In Windows 10 you’ve got tons of choices for desktop programs, and apps from the Windows Store can be useful too. But there are still probably a few key webpages you turn to every day instead of a desktop program or modern UI app.
Wouldn’t you love to have those key sites available to you on the Windows 10 Start menu? Here’s how to do that.
The Edge way
Open Microsoft Edge and then navigate to the page you want to add. In the upper right-hand corner, click the three horizontal dots, and then from the drop down menu select Pin this page to Start. A pop-up window will appear asking you to confirm. Click Yes and you’ll find the site at the bottom of the live tile section in your Start menu.
The downside? This method is that links will only open in Edge. Fortunately, there’s a way around that. If you want links to open in your default browser instead of Edge, you have to use a little bit of trickery, but nothing too complicated.
The non-Edge way
Open Internet Explorer and navigate to the webpage you want to add to Start. For our purposes, let’s say it’s Facebook.
Once you’re on Facebook, right-click in an open space on the site and select Create shortcut from the context menu. IE will then show a pop-up window asking if you want to create a desktop shortcut. Click Yes.
To do the same thing in Chrome and Firefox, go to the address bar and click-and-drag the icon to the left of “http,” and drop it on the desktop. The icon will either be a green lock, a rectangular piece of paper, or a globe.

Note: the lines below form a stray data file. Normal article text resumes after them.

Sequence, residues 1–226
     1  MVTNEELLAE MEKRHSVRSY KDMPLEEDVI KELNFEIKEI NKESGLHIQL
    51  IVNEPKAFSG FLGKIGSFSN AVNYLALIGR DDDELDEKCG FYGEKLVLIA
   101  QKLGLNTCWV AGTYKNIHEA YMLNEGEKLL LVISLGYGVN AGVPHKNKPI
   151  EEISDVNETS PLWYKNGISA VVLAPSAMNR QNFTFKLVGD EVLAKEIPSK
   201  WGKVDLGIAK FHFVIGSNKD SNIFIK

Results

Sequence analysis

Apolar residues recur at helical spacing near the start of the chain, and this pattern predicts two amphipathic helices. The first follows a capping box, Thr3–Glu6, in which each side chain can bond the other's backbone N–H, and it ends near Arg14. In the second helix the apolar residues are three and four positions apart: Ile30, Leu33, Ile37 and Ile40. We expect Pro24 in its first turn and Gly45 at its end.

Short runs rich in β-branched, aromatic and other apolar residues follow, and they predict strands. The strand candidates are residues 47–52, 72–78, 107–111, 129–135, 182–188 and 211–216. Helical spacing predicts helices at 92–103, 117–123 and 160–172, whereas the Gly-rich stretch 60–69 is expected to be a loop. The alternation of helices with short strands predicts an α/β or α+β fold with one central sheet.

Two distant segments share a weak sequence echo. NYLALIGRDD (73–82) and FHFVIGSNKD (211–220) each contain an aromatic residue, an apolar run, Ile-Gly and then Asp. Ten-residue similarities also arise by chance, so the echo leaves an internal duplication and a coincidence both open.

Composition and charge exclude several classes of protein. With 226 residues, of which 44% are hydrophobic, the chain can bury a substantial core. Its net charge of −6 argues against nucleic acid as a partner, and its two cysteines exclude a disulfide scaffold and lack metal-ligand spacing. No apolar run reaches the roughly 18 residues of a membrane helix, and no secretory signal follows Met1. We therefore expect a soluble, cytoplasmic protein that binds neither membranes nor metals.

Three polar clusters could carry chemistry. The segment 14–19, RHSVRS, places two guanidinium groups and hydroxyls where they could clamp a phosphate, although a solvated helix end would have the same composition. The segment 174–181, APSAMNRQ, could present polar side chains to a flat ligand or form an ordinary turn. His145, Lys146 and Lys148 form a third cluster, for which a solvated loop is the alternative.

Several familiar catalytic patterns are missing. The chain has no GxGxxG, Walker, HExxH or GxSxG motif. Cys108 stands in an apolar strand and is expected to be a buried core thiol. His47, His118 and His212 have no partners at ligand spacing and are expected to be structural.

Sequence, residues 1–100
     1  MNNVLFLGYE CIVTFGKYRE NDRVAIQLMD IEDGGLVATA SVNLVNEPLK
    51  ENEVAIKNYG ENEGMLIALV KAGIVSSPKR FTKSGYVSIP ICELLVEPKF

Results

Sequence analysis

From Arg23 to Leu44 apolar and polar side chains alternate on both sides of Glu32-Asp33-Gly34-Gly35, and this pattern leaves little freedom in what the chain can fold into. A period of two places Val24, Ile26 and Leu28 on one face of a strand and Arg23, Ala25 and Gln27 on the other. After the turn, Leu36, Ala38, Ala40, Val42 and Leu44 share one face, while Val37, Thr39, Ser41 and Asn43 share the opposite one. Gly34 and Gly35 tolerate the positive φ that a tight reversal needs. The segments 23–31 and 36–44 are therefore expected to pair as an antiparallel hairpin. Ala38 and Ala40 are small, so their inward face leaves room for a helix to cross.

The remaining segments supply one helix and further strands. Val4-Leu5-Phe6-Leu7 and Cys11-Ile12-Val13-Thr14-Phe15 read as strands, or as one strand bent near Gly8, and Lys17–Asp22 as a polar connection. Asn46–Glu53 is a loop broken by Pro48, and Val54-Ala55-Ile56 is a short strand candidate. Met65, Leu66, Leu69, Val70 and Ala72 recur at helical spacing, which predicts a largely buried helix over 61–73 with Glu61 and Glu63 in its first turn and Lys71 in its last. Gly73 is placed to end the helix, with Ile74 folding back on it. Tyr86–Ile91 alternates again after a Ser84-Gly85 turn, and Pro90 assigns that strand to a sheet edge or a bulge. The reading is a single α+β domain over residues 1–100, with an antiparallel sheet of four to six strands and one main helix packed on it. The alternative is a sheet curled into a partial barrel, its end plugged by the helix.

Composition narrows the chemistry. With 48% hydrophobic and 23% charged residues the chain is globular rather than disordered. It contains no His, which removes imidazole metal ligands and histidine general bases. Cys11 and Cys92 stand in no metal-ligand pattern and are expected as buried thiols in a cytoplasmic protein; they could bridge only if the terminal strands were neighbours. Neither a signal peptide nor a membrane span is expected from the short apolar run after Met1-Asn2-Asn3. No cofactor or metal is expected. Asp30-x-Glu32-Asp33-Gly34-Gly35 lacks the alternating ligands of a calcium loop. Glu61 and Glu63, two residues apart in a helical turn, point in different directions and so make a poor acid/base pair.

Pro Tip: In my experience, you’ll generally get better looking icons using Internet Explorer for this step.
Next, right-click the desktop icon you just created and select Copy.
Add to Start
Now type “run” into the Cortana/search box. The top choice should be the Run desktop app.
Once Run opens, type in shell:programs, click OK, and an Explorer window will open.
Now just right-click in the main part of that window (be careful not to accidentally open a folder) and select Paste.
Your website is now in Start but it’s buried in the “All apps” list. To remedy this, just click Start > All apps and scroll down to the listing in the alphabetical list. Since we’re doing Facebook we’ll look under “F”.
Once you find it, just click-and-drag it onto the live tiles (right) side of the Start menu and you’re done.
After you’ve added your webpages to Start, feel free to delete your shortcuts from the desktop.
If you’d like to take this a step further and add an entire section of websites to Start, check out our earlier tutorial on customizing the Windows 10 Start menu. This will teach you how to group tiles together.
The catch with websites using the non-Edge method is you can’t remove them from Start through the right-click context menu. Instead, you have to type shell:programs into Run and then delete the shortcuts in the Explorer window that opens.
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Ian is an independent writer based in Israel who has never met a tech subject he didn't like. He primarily covers Windows, PC and gaming hardware, video and music streaming services, social networks, and browsers. When he's not covering the news he's working on how-to tips for PC users, or tuning his eGPU setup.
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